Marketing Boards

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Marketing boards are bodies set up by an Act of Parliament to handle the sale of a particular product. Before such a board is set up, the government will get the agreement of a large proportion of the producers. Once established all producers must register with the Board and comply with all its regulations. The boards works on the formula of “unity is strength.” In the UK, marketing boards are set up for milk, hops, bacon, potatoes and wool. In Malaysia marketing boards along these same lines are also set up for cocoa, coconut, fish, tobacco, palm oil, peppers and short term crops.

The marketing boards are set up to ensure that farmers enjoy a stabilized income and get a fair return on their production by improving the marketing system for their produce. There are several reasons for establishing marketing boards. The government intervened in the marketing of rural produce by forming marketing boards. First reason was farmers’ income subject to fluctuations! Farmers were experiencing violent fluctuations in home as a result of fluctuating prices for their produce. The reason causing price fluctuation to take place is that unlike manufactured goods, the supply of agricultural produce cannot to be controlled by the farmers, famines; floods and diseases may wipe out virtually almost everything.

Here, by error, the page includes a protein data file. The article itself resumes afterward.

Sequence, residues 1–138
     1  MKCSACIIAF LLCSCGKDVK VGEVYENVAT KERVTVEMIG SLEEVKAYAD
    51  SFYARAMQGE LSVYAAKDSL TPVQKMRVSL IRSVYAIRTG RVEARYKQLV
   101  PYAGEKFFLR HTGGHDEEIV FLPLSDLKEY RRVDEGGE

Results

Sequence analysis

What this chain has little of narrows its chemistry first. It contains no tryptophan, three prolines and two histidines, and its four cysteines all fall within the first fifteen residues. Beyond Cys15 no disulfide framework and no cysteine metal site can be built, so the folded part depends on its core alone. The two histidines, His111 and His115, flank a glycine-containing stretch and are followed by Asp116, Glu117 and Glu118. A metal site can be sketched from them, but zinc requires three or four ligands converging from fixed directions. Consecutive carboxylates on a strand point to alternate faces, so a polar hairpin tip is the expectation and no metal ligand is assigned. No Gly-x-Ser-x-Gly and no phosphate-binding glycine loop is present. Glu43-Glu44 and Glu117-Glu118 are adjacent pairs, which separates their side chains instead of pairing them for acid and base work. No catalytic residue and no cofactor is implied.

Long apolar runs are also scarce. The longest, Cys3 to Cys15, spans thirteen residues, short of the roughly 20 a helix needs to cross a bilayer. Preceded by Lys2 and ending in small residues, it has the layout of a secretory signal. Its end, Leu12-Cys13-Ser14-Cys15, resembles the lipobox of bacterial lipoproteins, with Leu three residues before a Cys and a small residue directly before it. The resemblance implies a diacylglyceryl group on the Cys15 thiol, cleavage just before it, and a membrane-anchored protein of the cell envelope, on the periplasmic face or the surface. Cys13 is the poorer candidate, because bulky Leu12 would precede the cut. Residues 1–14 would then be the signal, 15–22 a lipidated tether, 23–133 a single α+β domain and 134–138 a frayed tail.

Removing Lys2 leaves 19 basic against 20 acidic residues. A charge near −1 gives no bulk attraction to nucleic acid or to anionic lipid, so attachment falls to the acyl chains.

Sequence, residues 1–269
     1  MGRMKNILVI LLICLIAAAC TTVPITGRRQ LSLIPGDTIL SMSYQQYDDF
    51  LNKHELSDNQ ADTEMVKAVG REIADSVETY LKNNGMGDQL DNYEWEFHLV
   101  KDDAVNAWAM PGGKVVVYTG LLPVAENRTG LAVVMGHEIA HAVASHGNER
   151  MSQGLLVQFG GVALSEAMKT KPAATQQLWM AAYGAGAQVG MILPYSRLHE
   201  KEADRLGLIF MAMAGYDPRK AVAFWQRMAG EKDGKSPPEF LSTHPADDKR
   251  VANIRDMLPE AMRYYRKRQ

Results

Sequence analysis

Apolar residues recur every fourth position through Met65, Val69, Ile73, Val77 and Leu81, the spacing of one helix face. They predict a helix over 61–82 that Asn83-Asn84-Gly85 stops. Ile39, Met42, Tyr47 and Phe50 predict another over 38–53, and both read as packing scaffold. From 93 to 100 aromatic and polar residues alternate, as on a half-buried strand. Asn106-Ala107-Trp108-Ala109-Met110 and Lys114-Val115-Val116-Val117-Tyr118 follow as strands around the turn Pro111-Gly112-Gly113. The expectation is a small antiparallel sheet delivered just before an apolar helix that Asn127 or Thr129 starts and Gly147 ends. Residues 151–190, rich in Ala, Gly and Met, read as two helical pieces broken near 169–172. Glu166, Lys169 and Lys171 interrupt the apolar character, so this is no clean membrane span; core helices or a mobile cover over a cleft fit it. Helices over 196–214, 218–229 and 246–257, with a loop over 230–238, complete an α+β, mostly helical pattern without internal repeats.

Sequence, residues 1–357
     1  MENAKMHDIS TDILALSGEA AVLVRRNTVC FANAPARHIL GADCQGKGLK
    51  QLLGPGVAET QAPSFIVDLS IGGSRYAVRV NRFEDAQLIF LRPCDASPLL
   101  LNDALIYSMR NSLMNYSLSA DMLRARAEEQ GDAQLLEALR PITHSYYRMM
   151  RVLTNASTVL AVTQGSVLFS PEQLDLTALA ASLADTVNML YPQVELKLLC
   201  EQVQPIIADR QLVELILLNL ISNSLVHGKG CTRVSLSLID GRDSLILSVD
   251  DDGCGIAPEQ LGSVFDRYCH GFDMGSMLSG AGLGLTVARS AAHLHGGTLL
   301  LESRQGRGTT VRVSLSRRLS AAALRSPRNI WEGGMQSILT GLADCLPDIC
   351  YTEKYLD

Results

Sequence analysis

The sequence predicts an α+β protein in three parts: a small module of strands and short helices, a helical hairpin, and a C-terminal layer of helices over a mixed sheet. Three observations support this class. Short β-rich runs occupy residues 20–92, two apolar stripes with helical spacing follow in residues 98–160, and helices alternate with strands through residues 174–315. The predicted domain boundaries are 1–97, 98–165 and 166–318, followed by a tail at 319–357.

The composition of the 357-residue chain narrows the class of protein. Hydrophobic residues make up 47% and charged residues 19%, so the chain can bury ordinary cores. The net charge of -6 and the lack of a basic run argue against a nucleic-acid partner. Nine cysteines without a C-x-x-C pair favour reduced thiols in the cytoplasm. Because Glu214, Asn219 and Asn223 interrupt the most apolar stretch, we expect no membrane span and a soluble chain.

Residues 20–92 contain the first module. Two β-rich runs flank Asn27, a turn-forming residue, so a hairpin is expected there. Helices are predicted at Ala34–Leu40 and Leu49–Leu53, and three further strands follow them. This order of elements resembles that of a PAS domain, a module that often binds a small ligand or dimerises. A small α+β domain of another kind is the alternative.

Very good weather conditions may result in bumper harvests. When supply is poor, prices rise. When supply is high, prices fall. In addition, since agricultural produce is perishable, all of it has to be released into the market thus bring about a drastic reduction in prices when the harvest is very good that season. The small, scattered farms do not have the proper storage or processing facilities to help them hold back excess produce without fear of their going bad. Agricultural produce comes in varying grades depending on the weather, handling methods, etc. So naturally, prices would fluctuate from harvest to harvest.

The second reason for establishing marketing boards was farmers not getting a fair return on their production. Since rural product consist mainly perishables they have to be transported very quickly to the market after harvest. The small rural farmer may be too poor to be able to acquire the necessary means of preserving them or to transport them to the market; or he may be too ignorant to be able to deal with this aspect of marketing. So, he is normally forced to sell off his produce at low prices to dealers who have the facilities and connections to market it.


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